Rather than destroying bacteria to fight infections, a University of Illinois at Chicago researcher is trying to "tweak" their savvy communication networks and block the signals that lead to infection and disease.
Researchers have known for several decades that bacteria communicate through a process called "quorum sensing," in which colonies send messages to one another to evoke responses. Many bacteria live in "biofilms," on surfaces such as catheters or medical implants, and have become increasingly resistant to antibiotics. Biofilms are coordinated by quorum sensing.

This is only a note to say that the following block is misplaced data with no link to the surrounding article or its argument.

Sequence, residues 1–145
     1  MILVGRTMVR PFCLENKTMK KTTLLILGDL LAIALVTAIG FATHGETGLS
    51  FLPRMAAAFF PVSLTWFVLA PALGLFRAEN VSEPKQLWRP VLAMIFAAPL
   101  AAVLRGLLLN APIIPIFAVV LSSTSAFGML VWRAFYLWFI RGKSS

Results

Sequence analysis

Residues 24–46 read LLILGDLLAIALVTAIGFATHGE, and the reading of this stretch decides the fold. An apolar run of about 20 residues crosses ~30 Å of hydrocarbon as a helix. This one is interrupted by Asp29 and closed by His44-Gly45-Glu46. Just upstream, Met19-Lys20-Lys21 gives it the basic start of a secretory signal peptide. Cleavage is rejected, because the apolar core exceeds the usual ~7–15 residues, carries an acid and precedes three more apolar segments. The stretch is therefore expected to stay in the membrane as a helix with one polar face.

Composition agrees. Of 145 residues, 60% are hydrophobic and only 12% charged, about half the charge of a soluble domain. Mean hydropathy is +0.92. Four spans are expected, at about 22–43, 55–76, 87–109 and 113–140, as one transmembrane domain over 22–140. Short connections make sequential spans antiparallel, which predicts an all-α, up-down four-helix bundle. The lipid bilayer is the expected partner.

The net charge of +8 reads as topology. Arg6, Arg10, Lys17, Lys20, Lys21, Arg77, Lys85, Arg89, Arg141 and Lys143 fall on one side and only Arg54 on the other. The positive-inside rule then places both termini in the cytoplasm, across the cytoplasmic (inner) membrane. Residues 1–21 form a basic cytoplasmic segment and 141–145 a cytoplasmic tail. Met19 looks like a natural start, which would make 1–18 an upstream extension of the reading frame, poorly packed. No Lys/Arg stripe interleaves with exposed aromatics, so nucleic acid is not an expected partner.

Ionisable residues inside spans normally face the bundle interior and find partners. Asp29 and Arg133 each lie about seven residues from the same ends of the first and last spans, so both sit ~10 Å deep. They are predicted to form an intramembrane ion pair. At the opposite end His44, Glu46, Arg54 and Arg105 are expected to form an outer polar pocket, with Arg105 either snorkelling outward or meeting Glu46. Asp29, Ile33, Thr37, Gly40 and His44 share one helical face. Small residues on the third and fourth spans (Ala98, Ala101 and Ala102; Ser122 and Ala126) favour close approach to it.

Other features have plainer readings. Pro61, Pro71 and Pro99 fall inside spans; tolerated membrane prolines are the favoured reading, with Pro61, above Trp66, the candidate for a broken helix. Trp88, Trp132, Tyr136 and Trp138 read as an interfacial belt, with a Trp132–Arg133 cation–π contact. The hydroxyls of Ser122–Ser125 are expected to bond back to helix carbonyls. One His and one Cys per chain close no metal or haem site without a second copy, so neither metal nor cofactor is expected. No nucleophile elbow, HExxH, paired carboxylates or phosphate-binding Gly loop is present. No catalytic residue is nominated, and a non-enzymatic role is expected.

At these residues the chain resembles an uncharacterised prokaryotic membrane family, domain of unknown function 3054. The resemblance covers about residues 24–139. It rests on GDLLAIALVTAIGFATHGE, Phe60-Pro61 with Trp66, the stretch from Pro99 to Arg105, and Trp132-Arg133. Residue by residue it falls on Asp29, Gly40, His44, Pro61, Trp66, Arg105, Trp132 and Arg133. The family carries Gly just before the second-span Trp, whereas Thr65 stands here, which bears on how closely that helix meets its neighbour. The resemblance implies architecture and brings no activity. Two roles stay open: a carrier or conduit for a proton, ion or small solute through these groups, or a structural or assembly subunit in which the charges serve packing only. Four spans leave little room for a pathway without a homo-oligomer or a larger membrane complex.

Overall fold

Dr. Michael Federle, assistant professor of medicinal chemistry and pharmacognosy (the study of drugs from natural products) at UIC, is trying to identify chemical and peptide inhibitors that block pheromone signaling in streptococci and which could prevent bacteria from causing infections.
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